Assault Is the Less Serious Charge
If someone verbally or physically threatens another person, and that person fears for their safety as a result, the person issuing the threat could be charged with assault—regardless of whether the accuser suffered any physical harm. Assault is a second-degree misdemeanor in Florida and is punishable by up to 60 days in jail and a fine of up to $500.
In order to convict someone of assault, the State has to prove that:
- The accused intentionally threatened by word or act to do violence to the victim.
- At the time of the threat, the accused appeared to have the ability to carry out the threat.
- The victim was justified in fearing for their safety.
In other words, empty or meaningless threats of actions that cannot be carried out should not be considered assault. A lawyer can defend a charge of assault by disproving that these conditions existed.
Factors That Turn an Assault Charge Into Aggravated Assault
Aggravated assault is a third-degree felony charge and is sometimes referred to as felony assault. It carries penalties of up to five years in prison and up to $5,000 in fines, so it is a much more serious charge than misdemeanor assault. The same elements listed above will also have to be proven to convict someone of aggravated assault, with the addition of an aggravating factor.
Factors that can increase an assault charge to a felony include:
- Use of a weapon. Issuing a threat while in possession of a weapon would likely be considered aggravated assault. While guns and knives are obvious kinds of weapons, other objects, such as broken bottles, baseball bats, and rocks, could also be considered deadly and elevate an assault charge.
- Level of threat. Threatening a person’s life could be enough to elevate the charge to aggravated assault, even if the victim is not harmed and the accused does not have a weapon.
- Who the victim is. Any threat issued against an emergency medical provider, firefighter, police officer, or public transit employee is automatically considered to be aggravated assault.
- Intent to commit a felony. If the accused threatened a person’s safety while intending to commit another felony, such as a robbery or home invasion, the threat could be charged as aggravated assault.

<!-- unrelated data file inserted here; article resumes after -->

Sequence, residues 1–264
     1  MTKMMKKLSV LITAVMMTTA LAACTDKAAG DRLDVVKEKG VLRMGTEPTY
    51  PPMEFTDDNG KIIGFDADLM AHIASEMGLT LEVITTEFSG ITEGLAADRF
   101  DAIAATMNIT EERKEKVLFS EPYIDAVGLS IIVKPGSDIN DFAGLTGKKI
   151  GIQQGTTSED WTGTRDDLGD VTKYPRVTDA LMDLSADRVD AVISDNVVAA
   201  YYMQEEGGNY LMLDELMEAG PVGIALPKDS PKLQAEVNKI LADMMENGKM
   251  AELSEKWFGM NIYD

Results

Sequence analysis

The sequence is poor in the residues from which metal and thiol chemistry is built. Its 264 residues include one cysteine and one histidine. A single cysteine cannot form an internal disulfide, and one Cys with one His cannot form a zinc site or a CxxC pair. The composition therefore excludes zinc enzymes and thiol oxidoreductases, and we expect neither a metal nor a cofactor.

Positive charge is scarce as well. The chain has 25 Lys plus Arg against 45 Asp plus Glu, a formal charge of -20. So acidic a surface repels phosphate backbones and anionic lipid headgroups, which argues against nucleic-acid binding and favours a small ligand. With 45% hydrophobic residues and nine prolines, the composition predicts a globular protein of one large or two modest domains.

There is some fluidity between these two charges, and a skilled defense attorney can argue for the lesser charge in some circumstances.
What to Do if You Have Been Accused of Assault or Aggravated Assault
If you have been arrested and are facing an assault charge in Okaloosa County, your first step should be to call Flaherty Defense Firm and speak to an attorney. Do not talk to the police without a lawyer, and do not contact your accuser thinking you can work it out on your own. Leave that to your lawyer. In building your defense, our team will:
- Review the details of the case. There are often two sides to stories involving fights or threats. We will look into the facts of your case and pick apart any loose threads.
- Argue for lesser charges. The State often starts out with more serious charges, and it is our job to offer evidence in favor of a lesser charge.
- Make a case for improper exhibition. If you were in possession of a weapon but did not use it to threaten your accuser, we might be able to make a case for improper exhibition of a weapon, which is a misdemeanor.
- Fight for the best possible outcome. Regardless of the details of your case, we will work hard to get you the best possible outcome in terms of charges and penalties. That’s our job.
Do not hesitate to call us if you have been accused in Crestview or anywhere in Okaloosa County.